Indulging in fantasies may seem like the pastime of the lazy, but it is far from frivolous, say researchers. Most fantasies serve a purpose.
Your daydreams and reveries can be entertaining, distracting, or frightening. In the case of sexual fantasies, they can be arousing – and, yes, good for the brain.
We all know how fantasizing about sex gets certain juices flowing. As it turns out, sexual fantasies also stimulate your analytical thinking skills. Daydreaming about love, on the other hand, makes you more creative, according to one study.
The Love and Sex State of Mind
It all began while researchers were pondering over the various states of the human mind. Previous research suggests that our problem-solving abilities change depending on our states of mind.
Intrigued, researchers from Germany and the Netherlands had wondered how love and sex might affect our cognitive functions.
To find out, they assembled a focus group of 60 individuals and split them into two groups. They asked one group to think about loving and romantic thoughts.
They asked the other group to concentrate on sexual fantasies. They then gave the subjects cognitive tests.
When You are What You Think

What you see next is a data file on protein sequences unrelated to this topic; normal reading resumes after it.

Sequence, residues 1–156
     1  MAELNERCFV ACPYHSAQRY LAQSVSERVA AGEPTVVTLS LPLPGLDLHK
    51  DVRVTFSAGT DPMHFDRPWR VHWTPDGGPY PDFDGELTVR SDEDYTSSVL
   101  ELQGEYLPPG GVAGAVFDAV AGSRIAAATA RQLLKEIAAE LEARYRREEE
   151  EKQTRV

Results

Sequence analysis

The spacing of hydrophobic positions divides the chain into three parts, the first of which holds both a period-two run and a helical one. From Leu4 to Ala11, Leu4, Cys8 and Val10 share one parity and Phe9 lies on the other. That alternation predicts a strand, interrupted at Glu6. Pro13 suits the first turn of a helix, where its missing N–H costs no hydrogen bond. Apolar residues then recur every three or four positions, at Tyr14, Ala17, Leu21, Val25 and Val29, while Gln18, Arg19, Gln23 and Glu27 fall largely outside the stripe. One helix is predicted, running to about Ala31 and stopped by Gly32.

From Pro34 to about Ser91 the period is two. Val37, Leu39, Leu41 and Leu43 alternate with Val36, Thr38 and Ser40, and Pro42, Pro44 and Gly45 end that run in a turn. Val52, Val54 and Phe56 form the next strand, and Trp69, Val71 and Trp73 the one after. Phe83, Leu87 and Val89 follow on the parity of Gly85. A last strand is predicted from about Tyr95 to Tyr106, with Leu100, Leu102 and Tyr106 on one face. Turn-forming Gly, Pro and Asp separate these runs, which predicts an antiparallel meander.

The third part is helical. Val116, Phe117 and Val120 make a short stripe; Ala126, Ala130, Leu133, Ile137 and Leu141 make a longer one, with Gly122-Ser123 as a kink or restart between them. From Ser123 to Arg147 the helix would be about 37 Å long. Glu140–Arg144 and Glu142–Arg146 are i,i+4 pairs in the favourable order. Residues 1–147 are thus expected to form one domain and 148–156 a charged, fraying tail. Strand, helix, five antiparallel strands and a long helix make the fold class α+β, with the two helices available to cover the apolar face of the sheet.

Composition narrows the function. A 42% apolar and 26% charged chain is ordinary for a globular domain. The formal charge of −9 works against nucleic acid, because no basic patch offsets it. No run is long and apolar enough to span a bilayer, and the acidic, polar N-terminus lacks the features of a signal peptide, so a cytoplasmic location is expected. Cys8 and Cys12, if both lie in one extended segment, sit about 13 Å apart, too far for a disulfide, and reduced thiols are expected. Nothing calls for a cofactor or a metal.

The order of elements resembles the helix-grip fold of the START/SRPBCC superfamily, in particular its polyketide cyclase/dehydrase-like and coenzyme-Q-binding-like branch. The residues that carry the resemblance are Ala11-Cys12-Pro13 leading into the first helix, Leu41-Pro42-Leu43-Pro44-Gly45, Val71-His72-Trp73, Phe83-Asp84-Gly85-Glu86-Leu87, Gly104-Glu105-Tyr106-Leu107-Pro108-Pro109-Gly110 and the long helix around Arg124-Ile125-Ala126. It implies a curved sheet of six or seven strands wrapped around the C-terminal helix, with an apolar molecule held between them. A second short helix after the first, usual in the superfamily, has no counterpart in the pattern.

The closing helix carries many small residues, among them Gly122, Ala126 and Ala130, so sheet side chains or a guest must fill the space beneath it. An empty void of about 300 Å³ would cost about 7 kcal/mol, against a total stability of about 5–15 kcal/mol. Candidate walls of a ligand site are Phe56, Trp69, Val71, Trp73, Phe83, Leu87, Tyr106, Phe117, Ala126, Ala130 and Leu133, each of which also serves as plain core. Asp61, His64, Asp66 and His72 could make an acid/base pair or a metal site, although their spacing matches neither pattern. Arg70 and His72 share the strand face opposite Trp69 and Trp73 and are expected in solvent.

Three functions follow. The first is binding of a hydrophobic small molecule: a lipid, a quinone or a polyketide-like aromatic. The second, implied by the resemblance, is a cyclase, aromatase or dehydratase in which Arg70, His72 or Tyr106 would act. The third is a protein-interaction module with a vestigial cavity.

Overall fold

The group’s research revealed that notions of love trigger global brain processing. This is a state in which we see the big picture and associate dissimilar ideas.
Sex, on the other hand, initiates more local processing in which the brain fixes firmly on details. Subsequently, the group that had fantasized about sex revealed that sexual daydreams motivate the analytical part of the brain.
This part helps us concentrate in situations that require problem-solving skills. Participants in the study proved to be far better at analytical tasks right after indulging in a sexual fantasy.
The subjects who were primed on love performed much better on creative tasks. They scored worse on analytical questions.
“Surprising Strength of Effects”
These findings indicate that our ideas about love play into a more idealistic brain space. This is especially true for longer-term mental narratives.
“I was surprised about the strength of the effects,” says researcher Jens Förster, a social psychologist at the University of Amsterdam.
The researchers now wonder whether the “big picture” perspective strengthens relationships.
They are curious to find out whether this mindset helps couples overcome complex relationship difficulties.
What do you think? And while you’re here, do you know that around 61% of women have fantasies about non-consensual sex?
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